Articles Posted in Asset Protection

Many clients ask, ” Do we have to sell their loved one’s house when she enters a nursing home?”  Our response is usually, “Not necessarily”.

One of the ways to avoid a sale, is to use the Five Year Plan when doing Medicaid Planning.  This strategy entails the transfer of the house at least 5 years before the loved one files for Medicaid. The transfer does not need to be disclosed since it was transferred before the Medicaid look back period of 5 years begins.  For example, if the parent’s house is transferred to the kids or other transferee on September 1, 2017 and that parent does not file a Medicaid application until October 1, 2022, then the house is clear of any Medicaid forced sale.

Another strategy is to transfer the house to a person with a disability or that person’s Special Needs Trust.  This can be done at any time-even within the 5 year look back period.  The person with a disability is usually someone who has been declared disabled under the Social Security regulations.

Many of our clients have children or grandchildren (beneficiaries) that need protection from their own proclivities even as adults.  Some of these habits include addictions, poor spending habits or just not living up to their potentials.

So what is a parent or grandparent to do?  Why not use an “Incentive Trust”?  An Incentive Trust is a type of trust that attempts to encourage and reward “good behavior” and discourage “bad behavior” of the beneficiaries.

For example, if a beneficiary is known to have bad spending or saving habits, the trustee of your trust can be directed not to distribute any monies or assets to that beneficiary unless the spending beneficiary shows by a check register or other record keeping system that he or she is spending monies responsibly in the eyes of the trustee.  The trustee can be given guidelines as to what the maker of the trust would consider responsible.  This might include percentages put away by the beneficiary for savings, housing, auto and auto allowances.

Probate is the process by which a court will supervise the administration of an estate when someone passes away.  Many clients prefer to avoid probate because the process can be time-consuming and costly.  This article will examine the various ways probate can be avoided.

Joint Tenants with Rights of Survivorship.  When there are more than one owner to a piece of property, there are different ways the property can be titled.  One example is joint tenancy.  When a decedent dies while holding property in joint tenancy with another person, the property will pass to the surviving owner by operation of law.  This applies for both real estate and personal assets such as a bank account.

Beneficiary Designation/Payable on Death.  Many assets such as retirement accounts will allow for a beneficiary designation or payable on death designation to be placed on the account.  In this case, when the owner of the account dies, it passes automatically to the beneficiary who is listed on the account.  However, the key for this technique is that there must be a valid and living beneficiary at the time of death.  If there is no beneficiary listed, the asset will pass with the decedent’s estate, which will most likely trigger a probate proceeding.

One of the most important, but most often overlooked estate planning documents, are the Powers of Attorney. Powers of Attorney fall into one of two categories: (1) Powers of Attorney for Property and (2) Powers of Attorney for Health Care. Essentially a Power of Attorney legally authorizes a trusted family member or friend to make decisions on your behalf in the event that you become incapacitated or are unable to make decisions on your own. Powers of Attorney are powerful documents that can protect you and your family from the need for expensive guardianship proceedings.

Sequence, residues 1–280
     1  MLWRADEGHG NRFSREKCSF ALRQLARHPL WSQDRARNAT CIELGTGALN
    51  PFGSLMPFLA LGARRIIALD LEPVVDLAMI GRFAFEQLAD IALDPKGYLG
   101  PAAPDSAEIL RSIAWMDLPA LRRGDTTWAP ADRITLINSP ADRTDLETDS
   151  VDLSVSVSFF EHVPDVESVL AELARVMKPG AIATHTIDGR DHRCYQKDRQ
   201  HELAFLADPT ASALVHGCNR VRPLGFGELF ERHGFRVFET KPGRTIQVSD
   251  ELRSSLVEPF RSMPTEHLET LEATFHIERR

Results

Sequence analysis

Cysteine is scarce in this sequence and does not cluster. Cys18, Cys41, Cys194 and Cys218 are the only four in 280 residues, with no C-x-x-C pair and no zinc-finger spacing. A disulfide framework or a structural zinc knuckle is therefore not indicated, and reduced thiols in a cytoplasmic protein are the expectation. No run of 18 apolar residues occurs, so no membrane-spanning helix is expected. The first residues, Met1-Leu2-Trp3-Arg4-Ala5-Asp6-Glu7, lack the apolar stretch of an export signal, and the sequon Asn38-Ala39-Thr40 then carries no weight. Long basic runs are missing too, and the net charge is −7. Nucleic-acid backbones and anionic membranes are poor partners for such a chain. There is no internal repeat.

Although Powers of Attorney for Health Care are regularly accepted by hospitals and doctors, many banks and financial institutions are making it harder and harder to use a legally valid Power of Attorney Document. If a manager at your financial institution believes, in good faith, that your Power of Attorney is no longer valid you may be left with no choice but to petition a court for guardianship.

To avoid this from happening we advise that you review your Powers of Attorney to ensure (1) the your Power of Attorney documents are up to date and include the most recent statutory language; (2) that your Powers of Attorney are no more than 5 years old; and (3) that your Power of Attorney allow sufficient authority for your agent to amend trust documents, make gifts, and designate or change beneficiaries.

In a time when advances in medicine are providing longer, more fulfilling lives for our family members with special needs, it is more important than ever to take advantage of all the financial planning tools available for their specific needs.

The Illinois ABLE Act provides for a new tax-advantaged investment program that allows a blind or disabled person (or their family) to save for disability related expenses without jeopardizing the disabled individuals means tested federal benefits. Unlike the assets of a traditional Special Needs Trust, ABLE account assets can and should be spent on expenses related to the family member’s disability. These expenses include education, housing, transportation, employment training, assistive technology, personal support services, health, prevention and wellness, financial management, legal fees, and funeral/burial expenses.

A properly established ABLE account will allow a disabled individual to save up to $100,000 in their own name. The disabled person or their family may contribute up to $14,000 per year into the ABLE account without effecting eligibility for SSI or other federal means tested programs. Although the Illinois State Treasurer’s Office is responsible for administering the ABLE program, the funds are privately held assets that are totally controlled by the account holder.